WASHINGTON -- Rep. Darrell Issa (R-Calif.) is suggesting a New York Times reporter may be guilty of making things up in a recent critical report on the Republican, even though his office cites the same reporter's work when it criticizes the White House.
Issa's office has been on a crusade against scribe Eric Lichtblau ever since the reporter penned a lengthy story arguing that Issa, a wealthy businessman who heads the House Oversight Committee, has enriched himself through his congressional office.
Team Issa started by firing a scathing broadside at the broadsheet last week, demanding a retraction and contending that Lichtblau's story was riddled with at least 13 errors. The Times made one minor correction, but is otherwise standing by the piece and Lichtblau.
That has not pleased Issa, and on Tuesday his office went so far as to suggest Lichtblau may not have actually visited Issa's California office building because the lead of the reporter's story said it overlooks a golf course. Issa says you cannot see the golf course from his building, and his office cited stories in the San Diego Union-Tribune and the North County Times as evidence. Lichtblau has maintained that he saw the building from the golf course.
In a release to reporters, Issa's office even compared the veteran Lichtblau to notorious Times fabricator Jayson Blair.
Yet a review of press releases from Issa's office finds at least four letters Issa fired off over the past year or so that cite Lichtblau stories as evidence, including two letters about White House staffers allegedly skirting public records rules by using personal email accounts and holding meetings off-campus.
Frederick Hill, Issa's top spokesman, did not see anything contradictory in his boss's stance, and suggested that if there are problems with the Times stories that Issa likes, it's up to others to point them out.
"If anyone, including the White House, challenged the accuracy of any item reported by Eric Lichtblau, the committee would treat that concern seriously," Hill said.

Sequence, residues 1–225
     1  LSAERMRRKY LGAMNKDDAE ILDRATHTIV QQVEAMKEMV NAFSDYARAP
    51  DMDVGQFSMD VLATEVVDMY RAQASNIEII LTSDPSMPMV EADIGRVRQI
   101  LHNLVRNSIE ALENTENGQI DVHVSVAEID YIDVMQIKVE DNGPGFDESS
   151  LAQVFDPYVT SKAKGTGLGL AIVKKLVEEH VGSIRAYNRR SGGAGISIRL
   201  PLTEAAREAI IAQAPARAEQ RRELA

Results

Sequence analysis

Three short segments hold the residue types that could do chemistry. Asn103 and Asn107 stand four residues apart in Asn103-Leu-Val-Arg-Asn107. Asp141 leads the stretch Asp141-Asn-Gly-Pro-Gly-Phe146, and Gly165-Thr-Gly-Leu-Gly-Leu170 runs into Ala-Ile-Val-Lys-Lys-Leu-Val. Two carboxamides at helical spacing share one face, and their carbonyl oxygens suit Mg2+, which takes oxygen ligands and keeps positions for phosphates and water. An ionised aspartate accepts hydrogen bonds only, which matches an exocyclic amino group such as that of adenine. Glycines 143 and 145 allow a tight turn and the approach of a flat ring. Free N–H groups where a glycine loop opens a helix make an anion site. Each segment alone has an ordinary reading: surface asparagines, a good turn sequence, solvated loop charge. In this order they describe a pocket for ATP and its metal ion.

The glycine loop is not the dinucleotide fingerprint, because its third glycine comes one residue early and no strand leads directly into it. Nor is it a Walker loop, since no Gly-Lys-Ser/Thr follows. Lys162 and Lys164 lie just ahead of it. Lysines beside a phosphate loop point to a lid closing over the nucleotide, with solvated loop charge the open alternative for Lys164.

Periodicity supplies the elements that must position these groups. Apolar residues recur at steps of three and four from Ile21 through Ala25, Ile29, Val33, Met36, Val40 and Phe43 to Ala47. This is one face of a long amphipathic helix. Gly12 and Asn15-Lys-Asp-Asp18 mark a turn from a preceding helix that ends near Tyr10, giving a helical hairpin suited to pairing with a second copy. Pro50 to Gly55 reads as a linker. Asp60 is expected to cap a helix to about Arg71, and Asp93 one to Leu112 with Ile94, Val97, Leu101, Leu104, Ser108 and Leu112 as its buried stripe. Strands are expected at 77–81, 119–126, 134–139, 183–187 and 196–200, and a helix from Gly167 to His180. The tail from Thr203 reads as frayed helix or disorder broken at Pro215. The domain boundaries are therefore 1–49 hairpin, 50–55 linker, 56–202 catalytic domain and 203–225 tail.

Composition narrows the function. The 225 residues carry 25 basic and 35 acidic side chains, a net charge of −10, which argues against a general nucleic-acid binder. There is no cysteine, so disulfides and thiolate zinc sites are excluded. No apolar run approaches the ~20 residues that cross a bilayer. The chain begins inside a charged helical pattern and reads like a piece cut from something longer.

UPDATE 9:45 p.m.
The notion that I was never really in San Diego in reporting my piece is ludicrous and demonstrably false. I spent two days in northern San Diego on June 21 and 22 to get a better sense of how Congressman Issa’s many outside business interests have intersected with his congressional duties. I observed more than a dozen commercial properties that Mr. Issa has acquired in Vista, Carlsbad and Oceanside to better understand how they were impacted by congressional earmarks he secured in the area; I went to the third floor of his office building to see just how close his congressional office sits from his property management office (it is directly across the bank of elevators); I spoke with tenants who lease from his property management company; I took photos on my cell phone of a Hooters that rents from him, a vacant lot he owns next door, and other properties; I visited the medical plaza that sits directly along a road-widening project for which he secured more than $800,000 in federal earmarks; and I spoke with merchants and local residents impacted by the road widening and other earmarks he has approved in the area.
In our story, we discussed some of the past allegations Mr. Issa has made that turned out to be unfounded, including his attacks on government officials in defense of Goldman Sachs and Merrill Lynch – two firms with which he has had extensive financial ties in his private business dealings. This baseless attack, sadly, seems to fit that same pattern of slinging mud and seeing what sticks. And it’s more than a bit ironic, considering that he has cited a past story of
mine on the White House’s contacts with lobbyists as an authoritative source in at least four official committee letters he has written.